At Rabjohn Behavioral Institute, an advanced and unique psychotherapy called Eye Movement Desensitization Reprocessing, or simply EMDR, is helping people with PTSD, panic disorder, anxiety, low self-esteem, and other issues resulting from past trauma.
What is EMDR?
It has been known for awhile that early adverse life events may be the basis for a variety of negative and damaging psychological symptoms. EMDR is an empirically validated therapy that targets unprocessed memories connected to adverse experiences, like war, sexual abuse, and physical abuse. While your body survives these events, your mind may not heal as you would like leaving you with nightmares, flashbacks, high anxiety, and a very negative self-outlook. By processing these traumatic memories, there can be rapid symptom relief: fewer flashbacks, fewer panic attacks, and less obsessive thoughts.
You have probably heard the phrase ‘time heals all wounds’. Not necessarily true is it? If you are suffering from past trauma, obsessive-compulsive disorder, phobias, depression, performance anxiety, medically unexplained physical symptoms, low self-esteem, or have a history of adverse life experiences, EMDR may be a very useful therapy for you.
How Does EMDR Work?
The brain is a very complex organ with a variety of roles to perform each day. One of the brain’s primary functions is to process a wide degree of incoming information. So basically, it is an information processing system. Throughout the day, this information processing system will take in a variety of emotions and feelings via our day-to-day experiences. We want the brain to be ‘adaptive’ in that the brain will take what is useful and disregard what isn’t. We want these emotions and experiences to be resolved or ‘processed.’
For example, let’s say you have a very bad argument with a family member. You are angry, upset, frustrated, and sad. You are probably also upset and disappointed with yourself. But you walk away, you go home and stew about it and play the conversation over and over in your head and then you eventually go to sleep. The next morning you wake up and don’t feel so bad about what happened. Maybe you have ‘adapted’ or reached a ‘resolution.’ This occurs because the brain’s ‘adaptive information processing system’ was activated. We think this mainly occurs during REM sleep, a stage of sleep where scientists hypothesize that memories are processed and modified – or when the ‘adaptive resolution’ takes place.
EMDR Phases To Expect
EMDR therapy is an 8 phase treatment protocol that uses the Adaptive Information Processing Model, which states that “memory networks are the basis of pathology and health” and that the body is “naturally geared toward health.” The goal of EMDR therapy is to create an adaptive resolution of a past trauma and to assist the client in responding to life’s current and future demands. Before the actual reprocessing session, the EMDR therapist works to identify the memories needing adaptation and the related negative beliefs about the patient. Throughout the course of treatment, you will also identify situations in the future that you anticipate having similar anxieties and develop an alternate pattern of response to those as well.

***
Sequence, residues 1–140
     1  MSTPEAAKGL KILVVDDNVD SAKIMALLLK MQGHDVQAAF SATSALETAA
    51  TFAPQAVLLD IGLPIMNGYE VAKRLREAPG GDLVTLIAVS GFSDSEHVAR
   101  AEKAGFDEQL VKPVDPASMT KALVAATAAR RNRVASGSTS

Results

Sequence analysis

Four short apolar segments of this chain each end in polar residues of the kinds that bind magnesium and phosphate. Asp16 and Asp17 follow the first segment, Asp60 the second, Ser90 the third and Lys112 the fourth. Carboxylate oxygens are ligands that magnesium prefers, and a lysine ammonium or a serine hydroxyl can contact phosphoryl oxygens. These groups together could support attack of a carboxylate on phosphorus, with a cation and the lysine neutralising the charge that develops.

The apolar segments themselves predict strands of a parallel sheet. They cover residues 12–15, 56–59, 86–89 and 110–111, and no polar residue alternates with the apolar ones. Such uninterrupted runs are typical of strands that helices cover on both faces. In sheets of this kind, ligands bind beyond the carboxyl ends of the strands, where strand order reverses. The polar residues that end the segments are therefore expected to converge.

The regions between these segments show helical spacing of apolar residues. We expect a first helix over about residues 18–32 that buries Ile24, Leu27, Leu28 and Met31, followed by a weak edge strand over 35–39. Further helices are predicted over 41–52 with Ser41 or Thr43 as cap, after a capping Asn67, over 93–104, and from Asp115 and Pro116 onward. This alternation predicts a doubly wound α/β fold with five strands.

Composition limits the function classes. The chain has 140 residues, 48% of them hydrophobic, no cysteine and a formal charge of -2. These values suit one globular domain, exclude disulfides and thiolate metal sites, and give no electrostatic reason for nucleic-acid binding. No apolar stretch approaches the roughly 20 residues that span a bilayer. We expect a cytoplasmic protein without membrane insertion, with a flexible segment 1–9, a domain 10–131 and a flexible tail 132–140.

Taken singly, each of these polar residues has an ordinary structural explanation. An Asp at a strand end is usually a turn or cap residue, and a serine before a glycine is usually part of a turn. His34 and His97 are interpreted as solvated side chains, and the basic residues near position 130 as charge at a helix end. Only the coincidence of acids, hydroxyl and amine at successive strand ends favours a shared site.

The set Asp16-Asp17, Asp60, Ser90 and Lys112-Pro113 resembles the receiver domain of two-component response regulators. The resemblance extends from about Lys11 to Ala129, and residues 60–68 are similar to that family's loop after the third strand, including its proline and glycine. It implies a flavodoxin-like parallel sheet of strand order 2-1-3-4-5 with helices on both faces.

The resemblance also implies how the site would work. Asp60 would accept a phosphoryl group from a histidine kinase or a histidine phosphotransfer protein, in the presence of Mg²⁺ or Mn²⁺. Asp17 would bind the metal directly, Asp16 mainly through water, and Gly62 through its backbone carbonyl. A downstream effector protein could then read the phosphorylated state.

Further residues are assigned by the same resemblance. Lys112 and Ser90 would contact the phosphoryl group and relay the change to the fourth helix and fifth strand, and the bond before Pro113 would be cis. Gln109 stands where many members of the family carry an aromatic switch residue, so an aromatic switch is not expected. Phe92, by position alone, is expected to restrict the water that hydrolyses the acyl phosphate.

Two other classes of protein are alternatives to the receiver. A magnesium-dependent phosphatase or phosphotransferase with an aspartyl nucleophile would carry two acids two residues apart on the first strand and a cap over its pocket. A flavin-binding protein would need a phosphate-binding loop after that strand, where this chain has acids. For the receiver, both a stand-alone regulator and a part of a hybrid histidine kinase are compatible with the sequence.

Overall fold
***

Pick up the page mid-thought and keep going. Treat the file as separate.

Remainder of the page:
EMDR reprocessing typically involves a series of repetitive eye movements that is a simulation of the rapid eye movement that occurs during REM sleep. This is NOT hypnosis because unlike hypnosis you are the one in control and it will be your brain doing the healing. This happens through the eye movements, guided by the EMDR therapist. The eye movements lead the mind to free associate to related memories, thus linking the past and present. By using these eye movements, we think processing of past trauma is initiated by the idea of dual attention or focusing on the eye movements with an emphasis on the memory, or through encouraging the brain to access both the left and right hemisphere. This causes the memory to be processed from a highly charged emotional memory to a more adaptive form. However, the reality is we aren’t 100% sure why or how this therapy works, but with over 30 extensive clinical trials, we know it is very effective when performed by a trained and experienced therapist with a patient who desires to improve the quality of their life.
Dr. Patrick Rabjohn is a Dallas Fort Worth and Mansfield, Texas Psychiatrist. Dr. Rabjohn is Board Certified by the American Board of Psychiatry & Neurology and Medical Director of Rabjohn Behavioral Institute treating psychiatric conditions including depression, anxiety disorders, adult ADD and more. Dr. Rabjohn has been named Top10MD for two years an honor only 1 in 3 Doctors in the United States succeed with this recognition in the United States. To schedule an appointment contact Dr. Rabjohn for medication management or Ms. Tiffany Mylett for EMDR at 817-539-2282.